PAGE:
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Published August 11, 2014, 10:16 AM

Road dust is nuisance to ranchers, crops and livestock

There’s nothing new about road dust in dry western North Dakota. It’s been a fact of rural life since before Dakota Territory was divided into North Dakota and South Dakota. But what is new in North Dakota’s oil country is that road dust, once an occasional nuisance, has evolved into a 24/7 phenomenon that is affecting crops, livestock and probably the health of farm and ranch families.

By: Fargo Forum Editorial Board, Forum News Service

There’s nothing new about road dust in dry western North Dakota. It’s been a fact of rural life since before Dakota Territory was divided into North Dakota and South Dakota. But what is new in North Dakota’s oil country is that road dust, once an occasional nuisance, has evolved into a 24/7 phenomenon that is affecting crops, livestock and probably the health of farm and ranch families.

“Probably” is the operative word because thus far there are no credible assessments of the health effects of prolonged exposure to higher levels of dust in the air, which is being caused primarily by heavy truck traffic associated with oil and gas development. There is plenty of anecdotal evidence that the constant pall of dust stunts crops and sickens (sometimes kills) livestock. Some ranchers have a name for the malady affecting their cattle: dust pneumonia.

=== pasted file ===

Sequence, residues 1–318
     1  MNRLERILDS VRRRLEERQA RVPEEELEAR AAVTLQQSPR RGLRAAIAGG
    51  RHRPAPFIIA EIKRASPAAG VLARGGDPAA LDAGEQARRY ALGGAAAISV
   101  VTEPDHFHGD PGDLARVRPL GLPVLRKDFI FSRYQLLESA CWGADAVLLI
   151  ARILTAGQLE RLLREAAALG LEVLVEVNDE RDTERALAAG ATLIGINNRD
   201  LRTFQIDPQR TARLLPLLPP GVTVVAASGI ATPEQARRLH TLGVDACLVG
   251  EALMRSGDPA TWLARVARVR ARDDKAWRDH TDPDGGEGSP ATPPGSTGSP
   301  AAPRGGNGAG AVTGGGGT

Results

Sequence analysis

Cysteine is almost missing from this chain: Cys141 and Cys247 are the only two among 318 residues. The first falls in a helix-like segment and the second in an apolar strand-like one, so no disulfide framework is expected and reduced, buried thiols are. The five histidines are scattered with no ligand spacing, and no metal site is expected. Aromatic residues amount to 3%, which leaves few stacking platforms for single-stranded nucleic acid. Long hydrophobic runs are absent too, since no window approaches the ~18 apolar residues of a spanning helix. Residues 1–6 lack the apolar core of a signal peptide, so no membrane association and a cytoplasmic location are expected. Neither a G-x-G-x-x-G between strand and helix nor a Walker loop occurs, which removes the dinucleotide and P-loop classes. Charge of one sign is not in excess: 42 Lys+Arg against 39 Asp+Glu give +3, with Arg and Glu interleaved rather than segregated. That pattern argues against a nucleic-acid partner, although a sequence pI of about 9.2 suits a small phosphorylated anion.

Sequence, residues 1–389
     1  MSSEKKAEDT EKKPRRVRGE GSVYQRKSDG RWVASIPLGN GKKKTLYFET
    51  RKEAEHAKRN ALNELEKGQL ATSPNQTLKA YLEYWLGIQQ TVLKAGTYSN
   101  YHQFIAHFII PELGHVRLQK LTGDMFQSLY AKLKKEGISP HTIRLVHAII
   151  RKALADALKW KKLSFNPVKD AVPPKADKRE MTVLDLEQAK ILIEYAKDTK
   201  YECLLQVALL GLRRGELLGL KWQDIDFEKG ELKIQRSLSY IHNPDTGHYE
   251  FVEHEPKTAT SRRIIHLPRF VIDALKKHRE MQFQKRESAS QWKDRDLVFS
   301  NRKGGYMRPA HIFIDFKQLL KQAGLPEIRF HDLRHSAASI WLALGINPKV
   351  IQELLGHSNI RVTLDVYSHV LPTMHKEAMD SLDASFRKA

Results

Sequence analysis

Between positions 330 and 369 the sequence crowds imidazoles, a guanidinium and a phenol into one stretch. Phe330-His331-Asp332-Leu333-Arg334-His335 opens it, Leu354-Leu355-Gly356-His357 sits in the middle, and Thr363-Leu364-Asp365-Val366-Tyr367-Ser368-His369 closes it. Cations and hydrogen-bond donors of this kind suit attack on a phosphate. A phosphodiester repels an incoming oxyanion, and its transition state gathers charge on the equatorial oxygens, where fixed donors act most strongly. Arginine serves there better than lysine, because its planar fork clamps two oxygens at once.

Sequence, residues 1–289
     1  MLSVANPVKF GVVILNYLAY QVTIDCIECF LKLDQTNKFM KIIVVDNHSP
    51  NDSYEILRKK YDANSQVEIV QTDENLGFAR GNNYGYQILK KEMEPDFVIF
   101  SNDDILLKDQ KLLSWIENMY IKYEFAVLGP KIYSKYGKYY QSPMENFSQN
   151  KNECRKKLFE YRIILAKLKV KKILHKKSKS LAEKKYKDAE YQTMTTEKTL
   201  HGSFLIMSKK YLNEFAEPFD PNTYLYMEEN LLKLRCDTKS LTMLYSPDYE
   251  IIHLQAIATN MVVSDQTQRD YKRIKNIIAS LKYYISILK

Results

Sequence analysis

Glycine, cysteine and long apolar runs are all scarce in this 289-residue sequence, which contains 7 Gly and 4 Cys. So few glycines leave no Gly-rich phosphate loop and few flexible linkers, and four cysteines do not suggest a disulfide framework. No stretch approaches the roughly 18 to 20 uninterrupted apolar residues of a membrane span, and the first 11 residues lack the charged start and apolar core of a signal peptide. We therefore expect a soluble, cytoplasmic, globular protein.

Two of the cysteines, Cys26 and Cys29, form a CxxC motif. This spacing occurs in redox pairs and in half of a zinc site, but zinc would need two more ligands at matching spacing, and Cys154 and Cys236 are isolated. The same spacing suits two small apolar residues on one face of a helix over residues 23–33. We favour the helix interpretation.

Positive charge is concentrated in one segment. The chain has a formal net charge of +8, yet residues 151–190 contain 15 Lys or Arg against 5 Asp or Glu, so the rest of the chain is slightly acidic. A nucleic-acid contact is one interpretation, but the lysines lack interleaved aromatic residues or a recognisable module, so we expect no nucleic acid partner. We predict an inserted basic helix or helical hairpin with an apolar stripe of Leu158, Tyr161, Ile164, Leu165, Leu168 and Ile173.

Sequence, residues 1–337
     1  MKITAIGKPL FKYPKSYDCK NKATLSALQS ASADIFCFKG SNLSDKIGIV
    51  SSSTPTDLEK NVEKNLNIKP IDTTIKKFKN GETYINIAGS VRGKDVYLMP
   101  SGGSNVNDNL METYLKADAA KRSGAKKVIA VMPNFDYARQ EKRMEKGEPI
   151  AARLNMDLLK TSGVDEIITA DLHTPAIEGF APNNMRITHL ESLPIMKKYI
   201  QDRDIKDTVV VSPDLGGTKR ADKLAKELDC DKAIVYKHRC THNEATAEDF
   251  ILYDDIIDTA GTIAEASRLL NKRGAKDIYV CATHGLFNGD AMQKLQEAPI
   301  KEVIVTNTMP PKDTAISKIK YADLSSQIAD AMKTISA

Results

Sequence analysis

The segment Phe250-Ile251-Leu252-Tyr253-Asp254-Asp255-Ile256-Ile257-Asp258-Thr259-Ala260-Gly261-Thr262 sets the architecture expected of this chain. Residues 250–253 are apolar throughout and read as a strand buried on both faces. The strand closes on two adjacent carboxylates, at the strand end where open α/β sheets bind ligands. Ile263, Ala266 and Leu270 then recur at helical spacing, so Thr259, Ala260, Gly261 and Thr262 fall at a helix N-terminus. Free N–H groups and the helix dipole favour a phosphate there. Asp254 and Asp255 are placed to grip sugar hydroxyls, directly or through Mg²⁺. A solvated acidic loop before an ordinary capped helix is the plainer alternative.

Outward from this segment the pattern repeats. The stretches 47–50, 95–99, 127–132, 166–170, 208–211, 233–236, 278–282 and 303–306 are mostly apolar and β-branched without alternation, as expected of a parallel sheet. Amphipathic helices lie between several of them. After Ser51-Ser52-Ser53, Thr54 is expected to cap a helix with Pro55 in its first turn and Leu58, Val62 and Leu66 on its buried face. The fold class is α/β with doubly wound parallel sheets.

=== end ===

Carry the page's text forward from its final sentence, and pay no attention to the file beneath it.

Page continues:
And there is no question the quality of life — the quality of the air — has been tainted by clouds of road dust stirred up by night-and-day oilfield truck traffic.

Unlike other dust-producing industries — coal mines, saw mills, grain elevators, factories — there are no effective standards or requirements for controlling what could be toxic dust that is generated by oilfield activity.

Oil firms, trucking companies and state and local agencies are trying to reduce the dust plague. Various techniques have been applied to gravel and scoria roads that were not designed for the volume and weight of traffic pounding over them. Results are not impressive. The only way to reduce dust is to reduce truck traffic, and that is not about to happen anytime soon.

Meanwhile, enlightened public policy would be assessing the impacts, if any, that road dust concentrations are visiting on plants, animals and human beings in oil country. Getting ahead of what could be an intractable public health problem is smarter than reacting to it after the damage is done.

Editor’s note: Forum editorials represent the opinion of Forum management and the newspaper’s Editorial Board.

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